2. I love kebabs, but have never tried to make them at home! They look really great, once I am in the new house, maybe I’ll give it a try……

    November 13, 2012
    • I’ve done something similar making tiny ones on bamboo skewers with a commercial curry powder before but this is the first time I’ve done such intricately spiced humungous ones 🙂

      November 13, 2012
  3. I would love to visit Ottawa. I’ve been to Toronto,which is lovely, but never Ottawa. It sounds great. What about Montreal? Is it worth the trip?

    November 13, 2012
    • Well *I* like Montreal very much… For food it is definitely worth the trip. Montreal has a very large Italian community (so lots of very good Italian restaurants), and also a Chinatown that is larger than Ottawa’s.

      November 13, 2012
      • feochadan #

        From `the Wife` He likes the strip clubs in Montreal – listen to NOTHING he has to say about Montreal – Hahahahahahah

        November 13, 2012
      • They have strip clubs in Montreal?????

        November 13, 2012
  4. Sounds yummy! Yes, it sounds like a lot of work, but not really because, freezer, oven and BBQ are things that don’t need to much attention (well, maybe the last one does, but not too much)
    My verdict: I love it! 😉

    November 13, 2012
    • No … the work was really just figuring it out as I did things. A scond time would be very much simpler.

      November 13, 2012
  5. I always enjoy reading about your experiments. The seasonings really must have given the lamb so much added flavor. Keep experimenting!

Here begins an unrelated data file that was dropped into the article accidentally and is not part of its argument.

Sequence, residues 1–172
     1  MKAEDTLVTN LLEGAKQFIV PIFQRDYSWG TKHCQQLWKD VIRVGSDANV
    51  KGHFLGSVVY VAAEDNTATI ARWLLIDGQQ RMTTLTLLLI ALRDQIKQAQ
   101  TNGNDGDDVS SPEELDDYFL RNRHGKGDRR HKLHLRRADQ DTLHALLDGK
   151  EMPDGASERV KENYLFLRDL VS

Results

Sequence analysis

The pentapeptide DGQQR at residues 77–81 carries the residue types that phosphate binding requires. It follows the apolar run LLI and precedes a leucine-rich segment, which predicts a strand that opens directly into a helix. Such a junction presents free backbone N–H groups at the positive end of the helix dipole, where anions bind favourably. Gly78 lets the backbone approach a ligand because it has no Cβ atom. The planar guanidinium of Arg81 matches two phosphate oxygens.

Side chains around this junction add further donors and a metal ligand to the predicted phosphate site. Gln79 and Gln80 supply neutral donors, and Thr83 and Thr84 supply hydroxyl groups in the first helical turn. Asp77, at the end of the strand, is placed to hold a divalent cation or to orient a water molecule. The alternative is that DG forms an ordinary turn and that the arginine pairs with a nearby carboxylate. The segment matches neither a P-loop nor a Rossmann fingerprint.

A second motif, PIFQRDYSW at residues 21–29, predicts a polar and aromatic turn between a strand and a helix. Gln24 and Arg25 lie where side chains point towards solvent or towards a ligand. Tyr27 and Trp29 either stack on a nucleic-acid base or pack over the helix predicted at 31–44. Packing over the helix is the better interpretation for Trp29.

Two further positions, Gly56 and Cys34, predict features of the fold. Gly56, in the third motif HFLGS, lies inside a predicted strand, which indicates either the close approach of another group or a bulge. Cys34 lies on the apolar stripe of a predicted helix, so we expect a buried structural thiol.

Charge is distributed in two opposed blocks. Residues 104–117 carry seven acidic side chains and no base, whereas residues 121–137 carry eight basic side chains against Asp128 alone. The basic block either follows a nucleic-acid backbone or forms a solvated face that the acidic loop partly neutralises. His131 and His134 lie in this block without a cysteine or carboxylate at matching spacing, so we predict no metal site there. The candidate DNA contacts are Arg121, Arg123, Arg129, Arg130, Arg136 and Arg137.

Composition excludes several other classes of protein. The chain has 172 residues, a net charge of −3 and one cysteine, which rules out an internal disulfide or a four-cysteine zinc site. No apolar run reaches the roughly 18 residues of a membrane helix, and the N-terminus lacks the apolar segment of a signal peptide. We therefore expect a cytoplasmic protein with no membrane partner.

November 13, 2012
    • Actually, I ended up using beef as some lamb I had just didn’t smell right. I would have preferred it with Lamb otherwise 😦

      November 13, 2012
  6. You are a brave person to put ground meat on a skewer. If I had done it, it would have been a mess! All those spices make this dish sound so good!

    November 13, 2012
    • Well … I was brave up until the point I baked it first. Actually… in small amounts it works nicely 🙂

      November 13, 2012
      • I thought baking it was very wise!

        November 14, 2012
  7. petit4chocolatier #

    I have never prepared kebabs; but I love them. This looks like it could be a little tricky. The finish product looks delicious : )

    November 13, 2012
    • The size was the tricky part… try smaller ones 🙂

      November 13, 2012
      • petit4chocolatier #

        Thank you!

        November 14, 2012
  8. Looks great. I wonder if you need maybe a fattier grind to get it to the right texture?

    PS. There should be a package wending its way up to Nunavut now . . .

    November 13, 2012
    • I think a bit more fat is likely the answer now that I think about it.

      … And I can’t wait for the package. D. is on alert in case I am unavailable to check mail 🙂

      November 13, 2012

Comments, thoughts or suggestions most welcome...

Fill in your details below or click an icon to log in: